Modular Synth Blog Catch-Up

I think that the last module I built was a CGS Wave Multiplier. This module creates interesting timbres by folding triangle waves over on themselves. It’s hard to describe what it actually does (particularly since I’m not sure that I really understand what it actually does) but the net effect is that it creates timbral changes that can sound like filter sweeps, pulse-width modulation, or ring modulation. It adds a lot of character to a simple triangle or pulse wave, so you can get fairly interesting signals from just a single oscillator. If you feed several audio-frequency signals into its various inputs, you can get some really wild noises. read more

Blog Open Again, Sort Of

While there is no evidence here, I’ve been spending some time on this website again. I downloaded the 30-day trial of Dreamweaver and started building a new site with it. It’s a very nice program, but I came to a few conclusions. First, it’s way more than I need in terms of site design. It does all sorts of neat stuff, much of which I’ll never use and can’t be bothered to learn. Second, I now find site design and construction to be deadly dull work. I mean, it’s so screamingly dull that I can’t stand it. If I wanted to build web sites, I’d still be working as a web engineer for Rational Software. Third, given what I have in mind for my web site, I really need some sort of active-content thing. I need to be able to add articles, news items, and random little things (like this). I don’t want to have to fire up Dreamweaver just to post something about how the honeysuckle we planted last year has lots of leaf buds on it now (which it does), particularly since Dreamweaver’s license won’t let me put it on every computer in the house. Fourth, I can’t quite see spending $400 on Dreamweaver, given the previous points. read more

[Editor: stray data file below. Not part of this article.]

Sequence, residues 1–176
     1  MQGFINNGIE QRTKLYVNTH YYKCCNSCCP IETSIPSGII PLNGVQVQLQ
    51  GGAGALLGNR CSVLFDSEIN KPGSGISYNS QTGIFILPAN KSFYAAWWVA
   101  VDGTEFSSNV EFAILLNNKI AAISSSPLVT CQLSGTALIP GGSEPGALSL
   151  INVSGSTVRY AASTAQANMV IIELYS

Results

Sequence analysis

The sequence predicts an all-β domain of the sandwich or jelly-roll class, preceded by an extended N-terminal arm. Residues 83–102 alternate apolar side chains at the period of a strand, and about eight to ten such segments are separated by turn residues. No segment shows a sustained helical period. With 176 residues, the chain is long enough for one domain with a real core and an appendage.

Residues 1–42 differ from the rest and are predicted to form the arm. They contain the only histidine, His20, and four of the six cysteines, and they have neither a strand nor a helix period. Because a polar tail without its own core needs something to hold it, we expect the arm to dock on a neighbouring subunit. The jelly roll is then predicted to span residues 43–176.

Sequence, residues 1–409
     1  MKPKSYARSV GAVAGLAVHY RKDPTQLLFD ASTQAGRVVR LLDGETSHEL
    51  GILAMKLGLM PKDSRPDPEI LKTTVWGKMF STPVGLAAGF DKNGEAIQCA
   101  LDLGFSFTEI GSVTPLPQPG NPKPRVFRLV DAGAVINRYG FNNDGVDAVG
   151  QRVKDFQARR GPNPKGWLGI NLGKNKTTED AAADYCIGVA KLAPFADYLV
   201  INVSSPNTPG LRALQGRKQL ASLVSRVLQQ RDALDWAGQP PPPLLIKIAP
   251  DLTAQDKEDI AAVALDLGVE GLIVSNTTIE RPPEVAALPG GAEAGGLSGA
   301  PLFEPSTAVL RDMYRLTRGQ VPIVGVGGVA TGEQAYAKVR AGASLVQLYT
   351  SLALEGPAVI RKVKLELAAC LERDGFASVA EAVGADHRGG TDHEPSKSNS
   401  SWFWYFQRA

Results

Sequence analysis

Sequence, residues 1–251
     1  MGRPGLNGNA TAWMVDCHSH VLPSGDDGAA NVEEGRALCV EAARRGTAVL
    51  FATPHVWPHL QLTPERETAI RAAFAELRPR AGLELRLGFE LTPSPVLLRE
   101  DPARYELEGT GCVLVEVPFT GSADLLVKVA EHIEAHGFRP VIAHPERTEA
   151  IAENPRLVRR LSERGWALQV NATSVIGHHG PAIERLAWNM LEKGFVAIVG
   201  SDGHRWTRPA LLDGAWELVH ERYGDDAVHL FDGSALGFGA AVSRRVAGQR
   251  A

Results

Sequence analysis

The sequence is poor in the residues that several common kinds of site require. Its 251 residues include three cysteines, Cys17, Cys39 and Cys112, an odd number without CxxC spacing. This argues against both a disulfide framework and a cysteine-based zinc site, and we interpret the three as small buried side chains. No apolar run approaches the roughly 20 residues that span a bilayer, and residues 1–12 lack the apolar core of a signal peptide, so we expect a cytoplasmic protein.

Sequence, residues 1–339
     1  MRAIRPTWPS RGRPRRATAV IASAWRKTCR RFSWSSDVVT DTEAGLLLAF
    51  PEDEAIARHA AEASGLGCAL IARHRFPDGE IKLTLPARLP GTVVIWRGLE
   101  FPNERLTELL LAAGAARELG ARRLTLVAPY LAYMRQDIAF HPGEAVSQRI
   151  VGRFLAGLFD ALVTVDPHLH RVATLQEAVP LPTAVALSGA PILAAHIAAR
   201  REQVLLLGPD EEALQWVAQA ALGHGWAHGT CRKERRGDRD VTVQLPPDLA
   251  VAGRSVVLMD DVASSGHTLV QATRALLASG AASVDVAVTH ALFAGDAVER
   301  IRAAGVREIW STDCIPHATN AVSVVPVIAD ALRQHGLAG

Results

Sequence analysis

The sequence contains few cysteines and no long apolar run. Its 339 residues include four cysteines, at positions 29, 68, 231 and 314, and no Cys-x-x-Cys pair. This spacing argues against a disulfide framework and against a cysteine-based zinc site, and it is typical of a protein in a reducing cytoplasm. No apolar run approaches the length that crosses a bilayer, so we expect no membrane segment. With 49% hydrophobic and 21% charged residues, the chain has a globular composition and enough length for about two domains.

Blog Closed

After reading my last post, and then noticing that most of my last half-dozen or so posts all lean in a somewhat negative direction, I’ve decided to officially abandon this blog until further notice. My mother once told me “if you don’t have anything nice to say, don’t say anything at all.” I think she was being somewhat sarcastic at the time, but I also think that there’s some truth to it that’s relevant here. If the only thing I’m going to use this blog for is complaining, then there’s little point to it. You can find any number of complaints elsewhere; there’s no need for me to add to the vast amount of complaining going on in the world these days. The original idea was to use this blog to tell my family and friends what I’m up to, and it’s clearly not serving that purpose since I put much more into email to family and friends than I put here. It’s never been in my nature to keep a diary, despite many attempts at many times throughout my life, and a blog is more or less the same thing, made public. It’s even less in my nature to keep a public diary. read more